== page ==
Eventually I cleared out the other Ice Shrine to complete the optional quest in this game type. That allowed me to return to the Armory and receive my reward: copies of four ancient weapons, ranging from the Ancient Blade to the Ancient Lute. There's one each atuned to the four primary stats in FTK: Strength, Awareness, Intelligence, and Talent. All of these are unique weapons with the same basic properties: very high base attack values and useful secondary abilities... with the tradeoff of shattering on a critical failure. For example, the Ancient Bow had a default one slot Awareness-based attack along with an armor piercing secondary attack that used two Awareness checks at a heavy -30% accuracy penalty. Any critical failure (all misses) would result in the weapon breaking and becoming useless. I held off on using any of these weapons for the moment but thought that I could see a way to make use of them in the endgame.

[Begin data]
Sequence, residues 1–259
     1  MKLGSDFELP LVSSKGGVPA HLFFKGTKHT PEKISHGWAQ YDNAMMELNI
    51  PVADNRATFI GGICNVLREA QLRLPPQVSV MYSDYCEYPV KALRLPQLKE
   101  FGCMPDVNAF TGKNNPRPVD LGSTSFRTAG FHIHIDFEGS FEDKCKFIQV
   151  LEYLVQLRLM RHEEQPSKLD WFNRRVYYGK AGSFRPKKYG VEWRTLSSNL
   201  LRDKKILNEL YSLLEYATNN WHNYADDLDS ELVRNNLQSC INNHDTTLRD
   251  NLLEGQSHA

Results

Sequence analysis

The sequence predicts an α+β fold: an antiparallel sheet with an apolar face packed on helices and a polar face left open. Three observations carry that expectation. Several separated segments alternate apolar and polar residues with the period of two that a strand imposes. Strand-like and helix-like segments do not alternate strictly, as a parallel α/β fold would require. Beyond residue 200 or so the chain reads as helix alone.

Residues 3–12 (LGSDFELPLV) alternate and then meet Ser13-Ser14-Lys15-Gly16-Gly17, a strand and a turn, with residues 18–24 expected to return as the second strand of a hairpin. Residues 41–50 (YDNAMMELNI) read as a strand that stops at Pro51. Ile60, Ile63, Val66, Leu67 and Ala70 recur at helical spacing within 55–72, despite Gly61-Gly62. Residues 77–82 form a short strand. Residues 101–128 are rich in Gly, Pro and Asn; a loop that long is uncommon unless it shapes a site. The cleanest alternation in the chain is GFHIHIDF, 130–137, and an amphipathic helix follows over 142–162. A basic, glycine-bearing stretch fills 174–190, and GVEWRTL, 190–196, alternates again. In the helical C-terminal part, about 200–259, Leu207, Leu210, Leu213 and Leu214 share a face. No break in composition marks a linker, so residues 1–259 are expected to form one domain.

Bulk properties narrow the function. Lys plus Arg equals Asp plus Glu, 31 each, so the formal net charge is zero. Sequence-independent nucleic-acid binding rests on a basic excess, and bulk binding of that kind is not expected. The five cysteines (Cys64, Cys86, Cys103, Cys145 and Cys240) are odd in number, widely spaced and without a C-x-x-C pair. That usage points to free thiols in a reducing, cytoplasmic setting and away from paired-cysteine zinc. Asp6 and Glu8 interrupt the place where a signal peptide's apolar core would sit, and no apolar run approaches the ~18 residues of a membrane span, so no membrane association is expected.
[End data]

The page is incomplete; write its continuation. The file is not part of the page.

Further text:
Picking up those ancient weapons from the Armory was the only interesting thing that I did for a long time. I roamed around to revist all seven of the towns in the world, including the two towns back in the Guardian Forest. None of them had any more Godsbeard herbs for sale; what I had right now was going to have to last for the remainder of the game. I did make sure to spend my accumulated wealth on anything that seemed like it might be useful for the final dungeon. That meant upgrading everyone's pipes to level 3 (why not?) and stocking up on as many Panaxes and Golden Roots and Hag's Banes as possible. There weren't very many of these on sale either, but I picked up what I could. Fortunately, I was also able to find two Firesilks (the herb that restores health to maximum) in random drops and pick up a third one in a quest reward from a town. That would be enough for each of my three characters to hold one in their backpack for emergency use.